BERWICK -- The top selling Holstein at the 2nd Edition Celebration Sale last month was an unborn heifer that sold for $70,000.
The first pick of nine heifers, to be born this summer out of Allyndale-1 Goldwyn Albany and Long-Langs Oman Omen-ET, was consigned by Velthuis Farms of Osgoode and Select Genetics. The pick was bought by Sjendi Farms of Grimsby, Ontario.
The second highest selling cow was Vioris Baxter Sharp (VG-87) at $21,500, consigned by Stephane and Julie Villeneuve of Hawkesbury; the eighth generation Spottie cow was bought by & Bremer Holsteins and Brian Cristensen of Sheldon, Wisconsin.
One hundred and fifteen head were sold at the sale hosted at Barrie and Lillian Smith's Rosevine Farm, Berwick on April 17. The sale totaled more than half a million dollars with an average price of $4,689 from Ontario and Quebec consigners and buyers from across North America.
Mark Smith of Chesterville, who organized and managed the sale with local breeders Stephane Villeneuve and Cameron MacGregor of Inkerman, said the sale was a success with about a dozen more consignments than their first Celebration Sale in 2008. There are always highs and lows in a sale, he said, but given the economy the prices were good.
The aim of the sale, said Smith, was to not only market cattle from Ontario and Quebec but to give Eastern Ontario dairy farmers an opportunity to buy into those top genetics. In spite of its success there are no definite plans as yet for a third sale, he said.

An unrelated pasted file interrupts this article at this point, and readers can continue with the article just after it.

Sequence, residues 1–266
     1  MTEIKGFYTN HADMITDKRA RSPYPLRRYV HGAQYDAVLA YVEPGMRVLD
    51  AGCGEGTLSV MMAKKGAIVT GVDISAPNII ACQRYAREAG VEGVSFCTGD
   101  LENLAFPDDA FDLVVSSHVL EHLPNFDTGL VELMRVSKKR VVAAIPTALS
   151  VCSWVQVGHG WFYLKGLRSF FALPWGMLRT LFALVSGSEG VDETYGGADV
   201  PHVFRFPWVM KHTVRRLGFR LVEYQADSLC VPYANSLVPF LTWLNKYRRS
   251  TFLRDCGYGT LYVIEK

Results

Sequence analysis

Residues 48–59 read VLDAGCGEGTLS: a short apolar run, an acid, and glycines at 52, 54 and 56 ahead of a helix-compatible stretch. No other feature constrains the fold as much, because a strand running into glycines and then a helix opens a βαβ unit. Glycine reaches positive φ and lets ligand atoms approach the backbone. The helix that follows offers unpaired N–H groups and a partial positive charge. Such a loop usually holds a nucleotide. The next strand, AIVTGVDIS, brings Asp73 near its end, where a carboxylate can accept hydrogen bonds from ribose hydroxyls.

At $70,000 Steven Velthuis reckons the elite calf will be one of the top five selling unborn heifers in Canada this year, if not one of the top two. The price was pretty much what he expected as the heifer is from one of the most sought after cow families in the world right now. The Atlee family Man-o-Man flush was divided into two groups and Velthuis Farms had already sold a pick from the first group at $75,000.
Backed by superior genetics, buying an elite dairy cow sight unseen is not uncommon. Velthuis recently purchased a $150,000 animal in a similar situation.
As a breeder of elite dairy cattle the Celebration Sale allowed Velthuis to take advantage of their national and international marketing efforts.
Velthuis Farms were both consigners and buyers at the sale. They purchased a September, show-age calf, Greenlane Jasper Sana, consigned by Greenlane Farms and Mark Smith's Sunnylodge Farm at the sale.
She was put on a truck two days later for the Quebec Spring Show, said Velthuis, and after winning her class went on to take Reserve Junior Champion. "It's not every day you can go to a local sale and buy a show winner," he said.
It's been five years since the family stepped it up a level and began breeding elite, high-end cattle. They breed show and high indexing cattle from cow families backed by genomics. Now a breeding reality, the DNA testing and data collection technology has changed the industry. Where once standards were specific to each country, genomics has standardized evaluations globally. Genomics brings the cows into one pool, said Velthus.
Their aim now is to invest in cow families that will put bulls into AI studs. Playing the elite cattle game is high risk, high investment and high reward. Velthuis tries not to put all his eggs into one basket and to spread out the risk recently purchased a calf in Germany that is being housed in Holland. His game strategy also includes the not unfamiliar breeder's creed: Every cow is for sale.